Applying a specific number of FS-induced cuts to the crystalline lens could restore accommodation.
The treatment of presbyopia is one of the last frontiers in ophthalmology. Until now, the only treatment options that have been available to us have been the replacement of the natural lens with an intraocular lens (IOL) or the application of monovision concepts.
Presbyopia begins to be recognized around the age of 45, when the accommodative amplitude drops below 2 D. The crystalline lens becomes unable to form a spherical shape and it remains in the de or far-accommodated state whether the surrounding systems react or not. Nowadays, it is accepted that the ciliary body can still contract in presbyopic eyes, enough zonular fibres are present and the lens capsule remains elastic.1 Only the crystalline lens becomes denser and harder with age and all occurring forces are not strong enough to mold the lens.
Taking all of these factors into account, and following on from the research of a number of people, the Laser Zentrum Hannover in Germany has developed a new concept in presbyopia correction, which restores accommodation by improving crystalline lens flexibility. This is a theory that follows on from a study presented by Krueger and Myers ten years ago,2 where the researchers concluded that elasticity and deformation-ability could be changed by treatment with laser pulses.
It is well known that photodisruption with ultrashort laser pulses, during femtosecond (FS) LASIK procedures, offers an excellent and reliable tool for ophthalmic surgery. The cuts created by FS lasers show very few unwanted side effects and can therefore provide the necessary precision.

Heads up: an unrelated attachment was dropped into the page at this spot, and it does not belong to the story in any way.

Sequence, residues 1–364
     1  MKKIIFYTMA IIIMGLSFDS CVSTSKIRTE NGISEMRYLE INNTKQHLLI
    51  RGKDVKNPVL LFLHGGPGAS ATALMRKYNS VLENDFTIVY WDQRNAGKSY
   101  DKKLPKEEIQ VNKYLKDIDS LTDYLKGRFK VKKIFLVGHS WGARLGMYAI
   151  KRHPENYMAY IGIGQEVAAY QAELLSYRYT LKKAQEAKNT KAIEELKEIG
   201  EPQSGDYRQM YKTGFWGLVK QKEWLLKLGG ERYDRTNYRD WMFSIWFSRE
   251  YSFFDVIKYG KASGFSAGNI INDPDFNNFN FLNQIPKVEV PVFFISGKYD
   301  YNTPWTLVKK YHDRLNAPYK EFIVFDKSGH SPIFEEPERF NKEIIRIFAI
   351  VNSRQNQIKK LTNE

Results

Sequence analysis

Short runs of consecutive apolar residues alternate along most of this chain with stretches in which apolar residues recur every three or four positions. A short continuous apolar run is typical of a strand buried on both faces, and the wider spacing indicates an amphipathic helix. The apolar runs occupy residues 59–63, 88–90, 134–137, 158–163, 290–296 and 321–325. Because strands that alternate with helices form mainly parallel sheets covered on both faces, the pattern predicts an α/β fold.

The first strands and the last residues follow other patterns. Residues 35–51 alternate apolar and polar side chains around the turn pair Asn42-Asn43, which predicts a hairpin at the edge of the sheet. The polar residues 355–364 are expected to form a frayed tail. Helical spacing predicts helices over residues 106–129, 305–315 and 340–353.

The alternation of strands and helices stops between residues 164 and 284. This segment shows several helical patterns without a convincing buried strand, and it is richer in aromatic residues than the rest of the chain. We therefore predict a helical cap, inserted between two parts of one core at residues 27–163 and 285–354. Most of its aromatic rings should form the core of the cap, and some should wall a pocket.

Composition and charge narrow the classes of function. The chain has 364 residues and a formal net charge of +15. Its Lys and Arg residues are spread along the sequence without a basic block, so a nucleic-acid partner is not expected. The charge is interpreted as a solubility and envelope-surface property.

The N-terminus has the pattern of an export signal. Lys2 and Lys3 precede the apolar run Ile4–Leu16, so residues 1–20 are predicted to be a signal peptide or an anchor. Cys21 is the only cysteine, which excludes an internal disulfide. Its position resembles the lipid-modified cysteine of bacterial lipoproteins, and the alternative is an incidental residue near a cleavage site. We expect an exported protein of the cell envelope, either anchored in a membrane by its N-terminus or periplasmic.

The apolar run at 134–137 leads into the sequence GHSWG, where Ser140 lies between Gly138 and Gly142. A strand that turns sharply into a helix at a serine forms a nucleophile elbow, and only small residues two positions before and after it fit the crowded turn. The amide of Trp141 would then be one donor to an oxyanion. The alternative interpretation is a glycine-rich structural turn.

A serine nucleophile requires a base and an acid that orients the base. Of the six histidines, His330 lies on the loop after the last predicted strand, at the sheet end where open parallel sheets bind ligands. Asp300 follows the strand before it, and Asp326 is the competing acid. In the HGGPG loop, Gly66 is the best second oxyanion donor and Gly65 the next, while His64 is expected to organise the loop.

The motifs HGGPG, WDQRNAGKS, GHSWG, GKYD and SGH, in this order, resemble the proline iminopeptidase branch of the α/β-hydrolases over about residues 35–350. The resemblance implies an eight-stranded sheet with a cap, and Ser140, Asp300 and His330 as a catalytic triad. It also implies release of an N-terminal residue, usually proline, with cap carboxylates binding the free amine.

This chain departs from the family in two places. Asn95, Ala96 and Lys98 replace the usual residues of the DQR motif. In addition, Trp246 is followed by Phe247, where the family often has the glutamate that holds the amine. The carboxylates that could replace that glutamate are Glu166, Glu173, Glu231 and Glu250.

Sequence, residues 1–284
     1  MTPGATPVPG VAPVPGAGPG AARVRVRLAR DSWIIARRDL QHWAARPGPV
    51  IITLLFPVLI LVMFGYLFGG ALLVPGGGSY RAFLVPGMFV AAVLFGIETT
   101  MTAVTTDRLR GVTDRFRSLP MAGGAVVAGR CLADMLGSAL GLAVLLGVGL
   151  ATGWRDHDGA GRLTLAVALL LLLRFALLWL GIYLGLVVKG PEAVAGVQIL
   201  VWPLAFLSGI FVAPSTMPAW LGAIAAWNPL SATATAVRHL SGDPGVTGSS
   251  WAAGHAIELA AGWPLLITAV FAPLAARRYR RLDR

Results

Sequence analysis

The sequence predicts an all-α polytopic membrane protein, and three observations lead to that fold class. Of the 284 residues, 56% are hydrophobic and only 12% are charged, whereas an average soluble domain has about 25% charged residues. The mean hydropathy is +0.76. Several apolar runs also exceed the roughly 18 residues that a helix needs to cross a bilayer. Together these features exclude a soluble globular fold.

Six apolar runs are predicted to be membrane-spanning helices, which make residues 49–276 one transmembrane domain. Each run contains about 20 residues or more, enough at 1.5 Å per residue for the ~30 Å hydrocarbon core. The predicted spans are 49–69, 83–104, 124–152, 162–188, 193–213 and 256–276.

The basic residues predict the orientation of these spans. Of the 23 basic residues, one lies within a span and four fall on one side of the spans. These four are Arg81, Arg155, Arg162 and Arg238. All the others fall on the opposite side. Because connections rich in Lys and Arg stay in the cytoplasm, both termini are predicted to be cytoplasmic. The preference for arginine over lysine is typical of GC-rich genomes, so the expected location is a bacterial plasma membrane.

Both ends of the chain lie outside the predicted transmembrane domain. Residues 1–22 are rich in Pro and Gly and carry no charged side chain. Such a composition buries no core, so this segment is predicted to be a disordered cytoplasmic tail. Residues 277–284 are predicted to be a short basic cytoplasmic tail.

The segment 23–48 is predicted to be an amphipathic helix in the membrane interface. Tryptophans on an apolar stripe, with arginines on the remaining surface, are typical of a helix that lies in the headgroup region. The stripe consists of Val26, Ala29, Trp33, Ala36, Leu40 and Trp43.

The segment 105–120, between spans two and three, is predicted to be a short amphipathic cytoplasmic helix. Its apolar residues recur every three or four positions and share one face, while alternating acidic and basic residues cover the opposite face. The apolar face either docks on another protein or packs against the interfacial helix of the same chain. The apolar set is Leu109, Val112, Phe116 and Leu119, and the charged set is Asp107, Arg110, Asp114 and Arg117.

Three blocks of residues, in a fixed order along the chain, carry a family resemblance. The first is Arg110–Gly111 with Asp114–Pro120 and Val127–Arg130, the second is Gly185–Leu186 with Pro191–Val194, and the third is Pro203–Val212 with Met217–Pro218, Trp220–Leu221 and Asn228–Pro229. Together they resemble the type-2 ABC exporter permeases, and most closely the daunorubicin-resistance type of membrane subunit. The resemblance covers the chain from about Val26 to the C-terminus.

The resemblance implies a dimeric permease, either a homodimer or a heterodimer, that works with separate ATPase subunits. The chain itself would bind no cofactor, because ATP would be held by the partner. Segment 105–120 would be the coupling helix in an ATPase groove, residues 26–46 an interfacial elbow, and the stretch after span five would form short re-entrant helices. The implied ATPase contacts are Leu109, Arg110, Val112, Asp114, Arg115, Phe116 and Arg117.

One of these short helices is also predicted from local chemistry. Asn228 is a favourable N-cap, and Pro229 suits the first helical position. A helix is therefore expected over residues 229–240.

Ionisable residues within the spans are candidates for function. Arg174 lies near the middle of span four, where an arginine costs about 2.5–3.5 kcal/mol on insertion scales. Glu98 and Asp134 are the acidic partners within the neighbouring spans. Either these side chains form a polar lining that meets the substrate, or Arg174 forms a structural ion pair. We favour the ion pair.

Having decided upon the ideal instrument to perform the small, precise cuts inside the crystalline lens, the procedure named lentotomy was created.
Lentotomy works on the premise that, if a laser wavelength in the near-infrared region is used, both the cornea and the crystalline lens are transparent for laser radiation. Thus, an FS laser can be focused inside the crystalline lens without opening the eyeball, generating a laser induced optical breakdown (LIOB) at the very focal point. While scanning the laser spot inside the lens, it is possible to disrupt tissue in a 3D-pattern. Thus, defined planes inside the lens tissue are created.
A previous study published by Krueger et al.,3 showed that, after in vivo cutting inside rabbit crystalline lens tissue, the lens stays clear for at least three months. In six treated rabbit eyes, laser-induced cataract did not occur and the three-month postoperative results also showed good transparency in these eyes. Thus, importantly, it has been shown that the application of small laser-induced cuts to the crystalline lens does not induce cataract formation.
Cutting the crystalline lens to restore accommodation
In order to regain crystalline lens elasticity and to increase crystalline lens deformation ability, respectively, we created gliding planes inside the lens tissue while leaving the lens capsule intact. These planes were generated by scanning the focus of the FS laser pulses in a defined pattern inside the crystalline lens.
In our studies,4 enucleated pig eye globes were fixated by a suction ring that fits to the curvature of the treated eye. For experiments with extracted lenses, only a much smaller fixation unit optimized in size was utilized. The ex vivo pig eyes were used within a few hours after enucleation. They were kept in saline solution to preserve the transparency of the cornea as well as the crystalline lens.
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